Turkey appears greener than a decade ago - global study
Turkey joins countries such as China and India, which are leading the increase in greening on land, in increased foliage compared to a decade ago, according to a study led by Ranga Myneni of Boston University published on Nasa’s Earth Observatory website.
The study conducted with NASA satellites has found that the world is literally a greener place than it was twenty years ago.
Turkey registered in the 12-16 percent annual average leaf area between 2000-2017, in the same category as India and China, the study found.
Global green leaf area has increased by 5 percent since the early 2000s, an area equivalent to all of the Amazon rainforests, the study found, with at least 25 percent of that gain coming from China.
One-third of Earth’s vegetated lands are greening, while 5 percent are growing browner.
Demonstrated with maps showing the increase or decrease in green vegetation—measured in average leaf area per year—in different regions of the world between 2000 and 2017, the study found that while China and India account for one-third of the greening, they only 9 percent of the planet’s land area covered in vegetation,”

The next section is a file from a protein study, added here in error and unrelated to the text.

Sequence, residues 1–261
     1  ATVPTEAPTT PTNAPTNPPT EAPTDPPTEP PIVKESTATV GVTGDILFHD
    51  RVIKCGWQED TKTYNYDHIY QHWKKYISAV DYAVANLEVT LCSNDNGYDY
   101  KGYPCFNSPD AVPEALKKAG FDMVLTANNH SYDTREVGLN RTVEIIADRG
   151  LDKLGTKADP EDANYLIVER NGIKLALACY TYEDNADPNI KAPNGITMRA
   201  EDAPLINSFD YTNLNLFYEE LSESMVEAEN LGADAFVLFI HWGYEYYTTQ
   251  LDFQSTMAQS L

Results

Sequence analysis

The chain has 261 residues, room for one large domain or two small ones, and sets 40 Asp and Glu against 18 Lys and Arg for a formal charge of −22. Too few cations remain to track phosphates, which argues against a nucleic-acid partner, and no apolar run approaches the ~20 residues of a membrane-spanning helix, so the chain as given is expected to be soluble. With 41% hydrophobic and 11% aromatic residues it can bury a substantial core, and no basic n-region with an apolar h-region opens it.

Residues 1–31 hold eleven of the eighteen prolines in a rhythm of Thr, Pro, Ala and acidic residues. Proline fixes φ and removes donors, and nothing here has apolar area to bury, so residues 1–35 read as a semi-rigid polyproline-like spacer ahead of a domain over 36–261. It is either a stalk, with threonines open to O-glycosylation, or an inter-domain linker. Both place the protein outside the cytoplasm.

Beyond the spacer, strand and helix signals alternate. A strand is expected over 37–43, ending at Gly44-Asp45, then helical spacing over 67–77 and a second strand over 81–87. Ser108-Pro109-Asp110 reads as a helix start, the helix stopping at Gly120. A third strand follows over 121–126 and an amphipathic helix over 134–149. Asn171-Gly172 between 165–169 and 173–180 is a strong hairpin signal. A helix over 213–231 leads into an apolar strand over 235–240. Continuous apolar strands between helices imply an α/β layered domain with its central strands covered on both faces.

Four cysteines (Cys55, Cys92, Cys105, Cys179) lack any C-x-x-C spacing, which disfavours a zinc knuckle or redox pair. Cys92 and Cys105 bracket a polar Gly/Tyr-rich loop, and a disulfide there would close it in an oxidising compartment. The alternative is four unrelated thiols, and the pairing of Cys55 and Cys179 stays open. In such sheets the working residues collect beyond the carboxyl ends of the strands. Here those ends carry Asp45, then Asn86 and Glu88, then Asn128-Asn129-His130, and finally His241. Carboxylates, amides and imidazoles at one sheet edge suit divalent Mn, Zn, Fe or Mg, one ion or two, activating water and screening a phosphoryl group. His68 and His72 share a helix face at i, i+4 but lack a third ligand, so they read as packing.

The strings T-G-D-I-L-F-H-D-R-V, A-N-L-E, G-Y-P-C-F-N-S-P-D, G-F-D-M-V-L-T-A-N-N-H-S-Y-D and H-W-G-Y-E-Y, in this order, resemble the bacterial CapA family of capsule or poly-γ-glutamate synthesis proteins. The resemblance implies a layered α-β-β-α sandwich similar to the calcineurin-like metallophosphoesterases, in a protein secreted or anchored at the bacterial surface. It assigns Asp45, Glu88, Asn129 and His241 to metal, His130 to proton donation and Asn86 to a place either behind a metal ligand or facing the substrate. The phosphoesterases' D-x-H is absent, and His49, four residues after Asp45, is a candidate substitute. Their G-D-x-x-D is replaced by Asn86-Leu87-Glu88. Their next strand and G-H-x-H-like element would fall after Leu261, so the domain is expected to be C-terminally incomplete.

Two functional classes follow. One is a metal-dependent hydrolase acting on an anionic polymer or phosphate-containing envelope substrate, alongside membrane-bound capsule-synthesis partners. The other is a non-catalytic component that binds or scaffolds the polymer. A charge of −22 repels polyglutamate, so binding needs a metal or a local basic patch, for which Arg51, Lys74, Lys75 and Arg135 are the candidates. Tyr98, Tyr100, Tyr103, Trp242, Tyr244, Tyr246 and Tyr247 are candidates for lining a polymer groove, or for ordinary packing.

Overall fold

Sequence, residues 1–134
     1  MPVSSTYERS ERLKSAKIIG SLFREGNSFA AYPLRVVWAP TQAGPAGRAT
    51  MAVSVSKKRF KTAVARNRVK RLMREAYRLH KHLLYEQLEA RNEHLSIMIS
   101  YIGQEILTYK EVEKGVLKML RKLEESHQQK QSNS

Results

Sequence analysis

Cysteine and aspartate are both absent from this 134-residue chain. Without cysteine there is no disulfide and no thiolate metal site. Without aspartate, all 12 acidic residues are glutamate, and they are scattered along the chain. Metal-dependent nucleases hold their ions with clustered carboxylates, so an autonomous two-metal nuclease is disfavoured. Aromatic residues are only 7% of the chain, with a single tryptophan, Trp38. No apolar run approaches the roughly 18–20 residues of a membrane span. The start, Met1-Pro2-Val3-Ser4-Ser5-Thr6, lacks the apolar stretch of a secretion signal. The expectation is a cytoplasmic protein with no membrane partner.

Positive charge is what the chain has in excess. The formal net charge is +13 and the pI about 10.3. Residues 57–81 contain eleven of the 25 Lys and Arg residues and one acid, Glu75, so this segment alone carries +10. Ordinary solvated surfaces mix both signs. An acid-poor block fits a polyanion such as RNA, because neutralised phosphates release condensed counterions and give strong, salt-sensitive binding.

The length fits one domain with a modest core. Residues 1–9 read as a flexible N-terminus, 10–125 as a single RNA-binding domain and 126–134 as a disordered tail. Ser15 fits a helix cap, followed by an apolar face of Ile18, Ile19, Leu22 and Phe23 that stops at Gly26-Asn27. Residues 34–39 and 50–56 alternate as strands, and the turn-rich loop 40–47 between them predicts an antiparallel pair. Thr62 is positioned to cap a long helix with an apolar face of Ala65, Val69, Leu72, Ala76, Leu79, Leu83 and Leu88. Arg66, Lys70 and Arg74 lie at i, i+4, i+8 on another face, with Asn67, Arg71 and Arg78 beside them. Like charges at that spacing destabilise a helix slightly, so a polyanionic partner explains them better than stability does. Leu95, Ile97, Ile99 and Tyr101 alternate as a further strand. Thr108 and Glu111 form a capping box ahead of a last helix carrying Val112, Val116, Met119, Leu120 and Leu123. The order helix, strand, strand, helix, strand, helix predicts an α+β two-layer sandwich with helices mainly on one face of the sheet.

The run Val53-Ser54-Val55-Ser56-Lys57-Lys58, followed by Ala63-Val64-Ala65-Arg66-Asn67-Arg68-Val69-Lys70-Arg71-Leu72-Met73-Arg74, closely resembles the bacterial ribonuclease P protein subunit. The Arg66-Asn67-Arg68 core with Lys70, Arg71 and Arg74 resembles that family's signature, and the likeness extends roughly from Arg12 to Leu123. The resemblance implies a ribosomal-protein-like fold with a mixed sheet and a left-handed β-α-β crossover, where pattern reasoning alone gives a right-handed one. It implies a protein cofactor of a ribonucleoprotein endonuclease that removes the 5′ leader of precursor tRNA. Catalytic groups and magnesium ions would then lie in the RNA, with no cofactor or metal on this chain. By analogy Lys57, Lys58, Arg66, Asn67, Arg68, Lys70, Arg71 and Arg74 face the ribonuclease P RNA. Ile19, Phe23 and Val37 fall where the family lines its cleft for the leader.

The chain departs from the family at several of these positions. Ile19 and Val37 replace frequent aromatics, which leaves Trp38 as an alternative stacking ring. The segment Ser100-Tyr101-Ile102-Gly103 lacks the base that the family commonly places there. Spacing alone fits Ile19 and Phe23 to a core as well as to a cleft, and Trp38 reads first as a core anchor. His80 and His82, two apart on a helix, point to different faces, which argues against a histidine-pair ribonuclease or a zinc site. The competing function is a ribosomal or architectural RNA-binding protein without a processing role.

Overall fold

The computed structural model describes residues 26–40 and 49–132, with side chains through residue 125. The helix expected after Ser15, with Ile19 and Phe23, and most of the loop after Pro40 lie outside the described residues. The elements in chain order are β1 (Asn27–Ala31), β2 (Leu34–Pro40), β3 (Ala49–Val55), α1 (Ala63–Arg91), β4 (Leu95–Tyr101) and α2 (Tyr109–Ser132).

“That is a surprising finding, considering the general notion of land degradation in populous countries from overexploitation,” lead author Chi Chen of Boston University said.
The study is a result of two-decade-long data record from the Moderate Resolution Imaging Spectroradiometer (MODIS) instruments on NASA’s Terra and Aqua satellites.
“When the greening of the Earth was first observed, we thought it was due to a warmer, wetter climate and fertilization from the added carbon dioxide in the atmosphere. Now with the MODIS data, we see that humans are also contributing,” Rama Nemani, a research scientist at NASA’s Ames Research Center and a co-author of the study, said.
How the greening trend may change in the future depends on numerous factors, the article said, pointing to the fact increased food production in India is facilitated by groundwater irrigation.
‘’If the groundwater is depleted, this trend may change. The researchers also pointed out that the gain in greenness around the world does not necessarily offset the loss of natural vegetation in tropical regions such as Brazil and Indonesia. There are consequences for sustainability and biodiversity in those ecosystems beyond the simple greenness of the landscape,’’ it noted.
According to Nemani, there is a positive message in the new findings.
“In the 1970s and 80s in India and China, the situation around vegetation loss was not good. In the 1990s, people realized it, and today things have improved. Humans are incredibly resilient. That’s what we see in the satellite data,” Nemani said.